“Well, that could have been worse,” commented Clara Fowler as she poured hot chocolate from her thermos into mugs for her niece, Maig Trudhove, and her niece’s Magis Obscura teacher, Miss Crowmeyer. “My third sister, Agnetha, burnt down her high school. That was why St Serpentia’s wouldn’t take me when they reopened, and I had to come here.”
“Instead we just have to get the high school decursed,” said Miss Crowmeyer drily. “I know parent-teacher nights can be bad, but this was…special.”
“And not my fault,” pointed out Maig. “I’m not the one who tried to raise the dead.”
“Yes, you only laid them. Well, no-one expects ancestral possession to turn up in parents when they come to these things,” admitted Miss Crowmeyer. “Mr Batterby, the Agronomics teacher, said he should have realised something was up when he had an intelligent subject-matter conversation with Mr Tattler.”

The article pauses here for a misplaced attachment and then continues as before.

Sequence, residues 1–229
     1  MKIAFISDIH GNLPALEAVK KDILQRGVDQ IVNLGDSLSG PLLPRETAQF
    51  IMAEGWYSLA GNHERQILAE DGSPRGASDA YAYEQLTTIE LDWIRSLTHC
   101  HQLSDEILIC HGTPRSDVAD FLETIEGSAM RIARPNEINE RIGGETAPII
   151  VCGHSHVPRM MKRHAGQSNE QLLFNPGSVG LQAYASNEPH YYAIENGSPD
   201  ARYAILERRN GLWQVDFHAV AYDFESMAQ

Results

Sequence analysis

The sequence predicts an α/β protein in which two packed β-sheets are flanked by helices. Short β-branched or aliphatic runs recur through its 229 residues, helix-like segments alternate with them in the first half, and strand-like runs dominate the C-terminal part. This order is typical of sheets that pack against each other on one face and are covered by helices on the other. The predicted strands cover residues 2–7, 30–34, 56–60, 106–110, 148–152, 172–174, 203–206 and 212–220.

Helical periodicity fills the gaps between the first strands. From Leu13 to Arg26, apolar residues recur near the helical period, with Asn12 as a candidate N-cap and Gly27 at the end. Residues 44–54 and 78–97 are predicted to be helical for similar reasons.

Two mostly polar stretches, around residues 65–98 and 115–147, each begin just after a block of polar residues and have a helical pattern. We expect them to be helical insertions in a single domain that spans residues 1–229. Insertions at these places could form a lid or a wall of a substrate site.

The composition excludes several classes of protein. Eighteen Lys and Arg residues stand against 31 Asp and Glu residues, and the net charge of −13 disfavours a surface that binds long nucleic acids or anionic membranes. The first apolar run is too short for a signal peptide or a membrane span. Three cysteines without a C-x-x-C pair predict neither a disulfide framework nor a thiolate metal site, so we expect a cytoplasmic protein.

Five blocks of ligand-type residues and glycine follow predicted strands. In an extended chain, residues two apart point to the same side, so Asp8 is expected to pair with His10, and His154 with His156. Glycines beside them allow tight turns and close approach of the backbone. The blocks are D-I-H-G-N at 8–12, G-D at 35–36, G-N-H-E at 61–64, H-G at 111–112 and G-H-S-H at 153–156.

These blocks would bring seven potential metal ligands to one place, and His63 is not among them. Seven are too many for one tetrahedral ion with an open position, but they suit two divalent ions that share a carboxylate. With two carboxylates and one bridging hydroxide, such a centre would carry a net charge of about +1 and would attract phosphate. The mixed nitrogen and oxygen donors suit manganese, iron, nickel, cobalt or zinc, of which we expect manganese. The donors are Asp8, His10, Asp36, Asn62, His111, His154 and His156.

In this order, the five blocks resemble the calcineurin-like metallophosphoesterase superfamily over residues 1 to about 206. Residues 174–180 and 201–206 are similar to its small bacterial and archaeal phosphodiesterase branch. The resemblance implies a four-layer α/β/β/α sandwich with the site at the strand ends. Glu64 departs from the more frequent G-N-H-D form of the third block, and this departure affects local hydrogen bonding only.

The three of them considered that for a moment over hot chocolate before Maig’s father, the Magister Trudhove, joined them.
He looked at them for a moment, and Maig wasn’t sure whether he disapproved of the hot chocolate or wanted some, then he said, “Maig, dear, we all appreciate you getting rid of the would-be body snatching dead men, but I thought that we’d agreed that you weren’t going to perform Dark Magic or Necromancy?” He’d just named two of her three affinities, and defined most of Maig’s personal problems.
“It was only technically Necromancy,” said Maig defensively. “It’s not like I summoned demons to take them away.”
“Oh?” Her father looked sceptical. “What did you do then? They were definitely carried off.”
Maig shrugged. “I didn’t want those bozos coming back and bothering my friends like Covetnot Moore and Childofsorrow Tattler, so I petitioned Heaven. Those things that took away Praisethelord Tattler and Saltoftheearth Moore were angels – much more dangerous than demons.”
“Technically Necromancy.” Her father covered his eyes with a hand. “We’re going to have to talk, young lady.”